Far North District councillors have backed a proposal for a radical overhaul of Northland local government.
The Better Local Government in the Far North Working Group, chaired by Mayor Wayne Brown and Ngai Takoto leader Rangitane Marsden, is proposing that the Far North become a unitary authority combining the regional and district council roles. The Northland Regional Council would be ditched while Whangarei could merge with all or part of Kaipara to form a unitary authority of its own, albeit one that could be saddled with Mangawhai's debt.
Councillors debated the proposal at length last Thursday, eventually voting 7:2 to send it to the Local Government Commission for consideration.
While all backed the unitary authority plan, some councillors believed it needed more consultation or had a better chance of success if the Far North and Whangarei submitted a combined proposal.
Mr Brown said those who believed the status quo was an option were mistaken.
With Auckland already a unitary authority and Wellington, Wairarapa and Hawke's Bay pursuing mergers, the Far North had to act now or have someone else's plans imposed on it.
Cr Sally Macauley said with 972 submissions received - just 1.7 per cent of the population - the proposal should go out for a special consultative process first. The council had to be able to show the Government it had strong public support, she said.
Cr Di Maxwell said the plan was compelling and gave the Far North a chance to take control of its own destiny. Many of those who opposed the plan did so only because they believed it was driven by Mr Brown.
Deputy Mayor Ann Court said it was "a damn good proposal" but needed to go out for a further round of consultation. The annual plan, due to go out this month, was a good chance to do so.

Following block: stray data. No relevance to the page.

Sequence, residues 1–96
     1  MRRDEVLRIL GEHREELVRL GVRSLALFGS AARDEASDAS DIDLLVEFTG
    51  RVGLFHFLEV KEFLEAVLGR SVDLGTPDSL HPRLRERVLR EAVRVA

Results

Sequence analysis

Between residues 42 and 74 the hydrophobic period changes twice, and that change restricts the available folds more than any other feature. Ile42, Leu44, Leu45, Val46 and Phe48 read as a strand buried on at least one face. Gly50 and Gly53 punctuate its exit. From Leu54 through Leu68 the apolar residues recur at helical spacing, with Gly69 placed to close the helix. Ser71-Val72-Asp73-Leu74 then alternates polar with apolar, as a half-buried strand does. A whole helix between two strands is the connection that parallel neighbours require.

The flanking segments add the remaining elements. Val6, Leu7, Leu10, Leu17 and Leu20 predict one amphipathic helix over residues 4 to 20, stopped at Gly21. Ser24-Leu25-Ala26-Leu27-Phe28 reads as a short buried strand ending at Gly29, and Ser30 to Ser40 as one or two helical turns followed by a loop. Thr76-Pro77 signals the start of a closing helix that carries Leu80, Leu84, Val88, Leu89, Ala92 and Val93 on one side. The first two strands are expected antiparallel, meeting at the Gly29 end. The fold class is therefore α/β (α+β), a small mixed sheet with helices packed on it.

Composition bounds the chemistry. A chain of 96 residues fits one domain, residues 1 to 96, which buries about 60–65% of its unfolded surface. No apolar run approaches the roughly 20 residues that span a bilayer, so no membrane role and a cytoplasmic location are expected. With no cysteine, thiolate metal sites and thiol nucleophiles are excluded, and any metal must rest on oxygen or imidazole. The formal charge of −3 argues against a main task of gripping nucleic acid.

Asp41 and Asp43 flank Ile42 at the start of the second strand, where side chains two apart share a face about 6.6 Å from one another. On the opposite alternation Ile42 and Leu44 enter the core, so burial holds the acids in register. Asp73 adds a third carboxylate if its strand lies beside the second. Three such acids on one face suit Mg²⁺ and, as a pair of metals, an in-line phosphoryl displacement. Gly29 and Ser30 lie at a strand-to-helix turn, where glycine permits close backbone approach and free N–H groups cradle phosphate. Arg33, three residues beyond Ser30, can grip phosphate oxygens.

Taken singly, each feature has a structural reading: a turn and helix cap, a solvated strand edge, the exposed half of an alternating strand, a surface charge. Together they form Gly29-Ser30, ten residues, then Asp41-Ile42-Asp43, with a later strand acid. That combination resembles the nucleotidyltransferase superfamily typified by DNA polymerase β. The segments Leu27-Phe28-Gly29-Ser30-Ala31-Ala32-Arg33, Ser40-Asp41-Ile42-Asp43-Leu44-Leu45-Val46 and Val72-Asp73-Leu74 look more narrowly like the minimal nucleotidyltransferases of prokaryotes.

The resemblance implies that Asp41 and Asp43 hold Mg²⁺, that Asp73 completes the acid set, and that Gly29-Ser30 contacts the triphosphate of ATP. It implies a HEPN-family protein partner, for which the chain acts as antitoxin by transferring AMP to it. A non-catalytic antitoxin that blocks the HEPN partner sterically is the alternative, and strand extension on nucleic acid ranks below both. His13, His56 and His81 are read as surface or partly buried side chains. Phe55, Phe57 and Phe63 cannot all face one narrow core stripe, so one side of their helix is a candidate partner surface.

She agreed some form of reform was inevitable, saying the Local Government Commission believed having one-third of the country run by one council and the rest run by 78 councils was "silliness". However, the Government's conviction that bigger was better, plus the fact Whangarei had not formally backed the Far North's proposal, meant Northland could end up with one unitary authority.
"I think it's a very good proposal and it has wings, but I can't vote for it until the community tells me they want it. This is not about railroading through a proposal to suit a pre-determined timeline or agenda, nor is it about a game of one-upmanship with the Northland Regional Council. This is about the future of local representation and democracy in Northland," she said.
Cr Tom Baker was unhappy he had received the business case only the previous afternoon, and said the Far North and Whangarei should submit a joint proposal. If it appeared the two councils could not work together, it would be easier for the Local Government Commission to impose a single unitary authority.
Cr Tracy Dalton backed the plan, saying it was unique among council projects in that Maori been involved from the start.
Mr Brown urged against delay, saying there had been 15 public meetings already and the vote was only a first step. If the Local Government Commission liked the plan, it would consult widely before going ahead.
"You can go in early and affect your future, or you can sit back and wonder what happened to you," he said.
A frustrated Mr Marsden was one of the last to speak, hitting out at councillors' hesitation.
"If you can't deliver on this today, we're out of here. We have too much at stake. We'll do what we can for the betterment of out people."
Many people were hung up on the plan being Mr Brown's baby, "but good on him for growing balls", Mr Marsden said.
The motion to lodge the proposal with the Local Government Commission was moved by Cr Monty Knight and seconded by Cr Dalton. Crs Court and Baker voted against it.
The proposal includes an option of the regional council remaining to service Whangarei and Kaipara.